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Good read here on where Harley-Davidson sits at the most macro level and it isn't good:


The S&P 500 is usually considered the best measure of how the American economy is doing. The index includes companies like Chevron, Microsoft, and JPMorgan Chase, companies worth billions that are intended to be representative of the American economy. The S&P 500 also includes Harley-Davidson, though not for much longer.

On Friday, S&P Dow Jones Indices announced that it was booting Harley and two others from the list, effective June 22. It was doing so, it said, “ensure each index more appropriately represents its market capitalization range,” which is a nice way of saying that Harley simply isn’t a big enough player anymore to be placed alongside America’s biggest corporations.

Harley will now be listed in the S&P Midcap 400, alongside companies like Dick’s Sporting Goods, Papa John’s, and Gamestop. Harley’s current value is a little under $4 billion, and one requirement to get into the S&P 500 in the first place is to be worth more than double that.

This is all mostly a shot at Harley’s pride, as being among the S&P 500 doesn’t confer companies with any special privileges, it’s more just that a committee of people thinks your company is big enough to be there, which Harley, these days, simply isn’t.

For Harley’s new CEO Jochen Zeitz, that, going forward, is somewhat by design, as Zeitz plans to refocus the company on its core customer base, which are Americans who buy heavy motorcycles. Harley under Zeitz also wants to trade on exclusivity again, both positions running opposite to the goals of Zeitz’s predecessor, Matt Levatich, who thought Harley could go bigger globally.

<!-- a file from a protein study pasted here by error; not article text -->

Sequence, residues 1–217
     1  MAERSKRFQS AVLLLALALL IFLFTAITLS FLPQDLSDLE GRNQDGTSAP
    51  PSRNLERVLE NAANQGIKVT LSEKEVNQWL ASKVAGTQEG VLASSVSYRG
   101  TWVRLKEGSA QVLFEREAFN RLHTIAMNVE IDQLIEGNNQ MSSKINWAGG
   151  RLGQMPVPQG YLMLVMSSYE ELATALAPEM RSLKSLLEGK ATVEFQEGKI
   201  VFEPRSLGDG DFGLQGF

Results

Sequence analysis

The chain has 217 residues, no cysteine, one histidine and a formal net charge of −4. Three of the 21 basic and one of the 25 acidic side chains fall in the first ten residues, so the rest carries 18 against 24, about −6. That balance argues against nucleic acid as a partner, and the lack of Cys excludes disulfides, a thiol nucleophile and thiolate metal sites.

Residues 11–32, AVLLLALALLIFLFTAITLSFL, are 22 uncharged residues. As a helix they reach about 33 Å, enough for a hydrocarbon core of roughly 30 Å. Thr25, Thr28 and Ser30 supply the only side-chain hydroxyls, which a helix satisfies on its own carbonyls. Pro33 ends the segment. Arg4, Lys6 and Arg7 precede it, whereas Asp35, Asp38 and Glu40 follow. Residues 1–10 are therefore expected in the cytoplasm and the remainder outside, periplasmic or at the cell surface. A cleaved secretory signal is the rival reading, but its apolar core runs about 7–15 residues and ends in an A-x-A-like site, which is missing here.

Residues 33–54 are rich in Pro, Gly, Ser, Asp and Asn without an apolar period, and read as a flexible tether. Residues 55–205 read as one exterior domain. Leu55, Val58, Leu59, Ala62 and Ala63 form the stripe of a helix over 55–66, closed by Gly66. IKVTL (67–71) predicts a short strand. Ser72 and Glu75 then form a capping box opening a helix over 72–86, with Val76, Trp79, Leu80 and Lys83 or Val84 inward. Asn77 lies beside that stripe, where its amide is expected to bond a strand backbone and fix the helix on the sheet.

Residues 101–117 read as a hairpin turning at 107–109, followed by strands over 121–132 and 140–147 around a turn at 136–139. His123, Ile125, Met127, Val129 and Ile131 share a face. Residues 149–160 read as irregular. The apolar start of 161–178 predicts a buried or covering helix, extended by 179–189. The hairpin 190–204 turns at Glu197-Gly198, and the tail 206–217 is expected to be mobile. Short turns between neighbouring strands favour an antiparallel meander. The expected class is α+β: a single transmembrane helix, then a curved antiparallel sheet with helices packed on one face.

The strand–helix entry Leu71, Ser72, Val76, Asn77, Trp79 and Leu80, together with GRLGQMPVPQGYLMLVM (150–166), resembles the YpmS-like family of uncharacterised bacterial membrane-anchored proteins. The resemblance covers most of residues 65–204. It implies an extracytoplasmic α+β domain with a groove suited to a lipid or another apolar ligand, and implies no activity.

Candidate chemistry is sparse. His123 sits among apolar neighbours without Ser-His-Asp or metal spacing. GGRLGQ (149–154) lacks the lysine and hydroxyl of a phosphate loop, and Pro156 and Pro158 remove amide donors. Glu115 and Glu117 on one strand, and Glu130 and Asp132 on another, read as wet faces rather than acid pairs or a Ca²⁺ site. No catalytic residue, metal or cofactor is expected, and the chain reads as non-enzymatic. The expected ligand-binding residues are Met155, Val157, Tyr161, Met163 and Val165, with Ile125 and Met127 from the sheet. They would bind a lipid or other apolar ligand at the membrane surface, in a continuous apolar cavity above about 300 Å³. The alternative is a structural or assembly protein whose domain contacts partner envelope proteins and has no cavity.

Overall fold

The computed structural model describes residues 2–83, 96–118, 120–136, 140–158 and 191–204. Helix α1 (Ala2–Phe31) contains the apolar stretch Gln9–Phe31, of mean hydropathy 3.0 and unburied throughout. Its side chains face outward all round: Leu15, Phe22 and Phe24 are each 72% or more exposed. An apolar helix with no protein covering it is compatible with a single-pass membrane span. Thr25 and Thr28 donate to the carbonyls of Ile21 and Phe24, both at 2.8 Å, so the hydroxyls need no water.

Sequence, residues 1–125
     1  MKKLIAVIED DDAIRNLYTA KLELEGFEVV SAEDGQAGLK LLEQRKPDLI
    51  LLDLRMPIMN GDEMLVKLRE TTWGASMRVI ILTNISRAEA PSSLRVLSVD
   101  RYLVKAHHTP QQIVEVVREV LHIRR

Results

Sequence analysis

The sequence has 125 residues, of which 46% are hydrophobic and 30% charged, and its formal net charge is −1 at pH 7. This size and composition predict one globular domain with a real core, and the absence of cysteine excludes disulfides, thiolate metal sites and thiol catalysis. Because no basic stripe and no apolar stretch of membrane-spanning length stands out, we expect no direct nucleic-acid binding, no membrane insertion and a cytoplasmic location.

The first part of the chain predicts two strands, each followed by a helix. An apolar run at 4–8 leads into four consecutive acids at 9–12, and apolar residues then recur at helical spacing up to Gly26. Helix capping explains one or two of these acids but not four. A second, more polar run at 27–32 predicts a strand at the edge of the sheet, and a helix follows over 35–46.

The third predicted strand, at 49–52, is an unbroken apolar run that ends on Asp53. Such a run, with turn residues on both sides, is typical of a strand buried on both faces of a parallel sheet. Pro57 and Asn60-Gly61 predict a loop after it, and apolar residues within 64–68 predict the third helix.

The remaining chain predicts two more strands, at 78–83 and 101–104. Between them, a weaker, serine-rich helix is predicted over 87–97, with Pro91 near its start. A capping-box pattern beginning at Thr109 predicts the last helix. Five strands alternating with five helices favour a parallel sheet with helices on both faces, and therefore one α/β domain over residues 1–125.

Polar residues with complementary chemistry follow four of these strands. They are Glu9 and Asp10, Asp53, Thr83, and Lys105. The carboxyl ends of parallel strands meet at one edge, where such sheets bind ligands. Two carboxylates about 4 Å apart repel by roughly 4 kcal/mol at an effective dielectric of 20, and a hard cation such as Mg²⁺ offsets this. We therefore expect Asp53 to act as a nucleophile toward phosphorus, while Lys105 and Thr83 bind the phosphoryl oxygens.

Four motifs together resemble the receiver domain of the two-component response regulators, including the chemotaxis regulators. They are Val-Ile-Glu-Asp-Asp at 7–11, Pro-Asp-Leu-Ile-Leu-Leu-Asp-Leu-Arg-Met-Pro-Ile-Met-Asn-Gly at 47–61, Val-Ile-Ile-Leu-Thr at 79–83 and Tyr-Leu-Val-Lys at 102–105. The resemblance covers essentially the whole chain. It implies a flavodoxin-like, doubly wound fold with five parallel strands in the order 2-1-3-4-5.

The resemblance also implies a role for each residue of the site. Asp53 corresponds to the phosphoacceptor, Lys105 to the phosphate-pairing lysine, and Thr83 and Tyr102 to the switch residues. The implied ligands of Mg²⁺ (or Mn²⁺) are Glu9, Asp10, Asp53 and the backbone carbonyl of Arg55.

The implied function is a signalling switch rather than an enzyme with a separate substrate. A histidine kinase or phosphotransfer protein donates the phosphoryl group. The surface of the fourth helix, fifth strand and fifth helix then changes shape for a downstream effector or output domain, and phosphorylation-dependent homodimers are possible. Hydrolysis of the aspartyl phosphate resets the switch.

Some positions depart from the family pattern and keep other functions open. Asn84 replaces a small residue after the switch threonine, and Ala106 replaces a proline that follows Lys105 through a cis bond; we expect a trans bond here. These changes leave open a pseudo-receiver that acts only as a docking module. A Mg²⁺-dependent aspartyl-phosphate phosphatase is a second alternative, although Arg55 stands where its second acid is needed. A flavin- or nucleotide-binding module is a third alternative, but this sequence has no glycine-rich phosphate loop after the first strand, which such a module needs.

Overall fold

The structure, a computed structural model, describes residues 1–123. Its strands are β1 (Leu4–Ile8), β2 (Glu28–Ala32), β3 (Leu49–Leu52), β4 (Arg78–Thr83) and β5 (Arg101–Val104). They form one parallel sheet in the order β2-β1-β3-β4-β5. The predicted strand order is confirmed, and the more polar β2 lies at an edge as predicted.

Zeitz also won’t care much about being in the S&P 500 at the end of the day, since a job well done for him mostly means boosting Harley’s stock price and its profitability. For enthusiasts, a job well done will mostly be keeping Harley alive, period.
 

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Focusing on exclusivity and working on a smaller scale should be the right move for HD. They need to get back to providing high quality bikes and not worrying about mass volume.
 

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Focusing on exclusivity and working on a smaller scale should be the right move for HD. They need to get back to providing high quality bikes and not worrying about mass volume.
Focusing on the core customer base is a very bad idea. The core customer base is an aging group. This group will be going from 2 wheels to the retirement home. Who will replace this group? Certainly not Millennials who are not interested in any kind of motorcycle brand. It will be a hard road for Harley to survive in the coming years.
 

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Focusing on the core customer base is a very bad idea. The core customer base is an aging group. This group will be going from 2 wheels to the retirement home. Who will replace this group? Certainly not Millennials who are not interested in any kind of motorcycle brand. It will be a hard road for Harley to survive in the coming years.
For sure, I'm not saying that they should go back to their old ways and focus on an aging demographic. They need to tap into younger riders. I'm just saying that operating on a smaller scale allows them to put more focus on quality.
 
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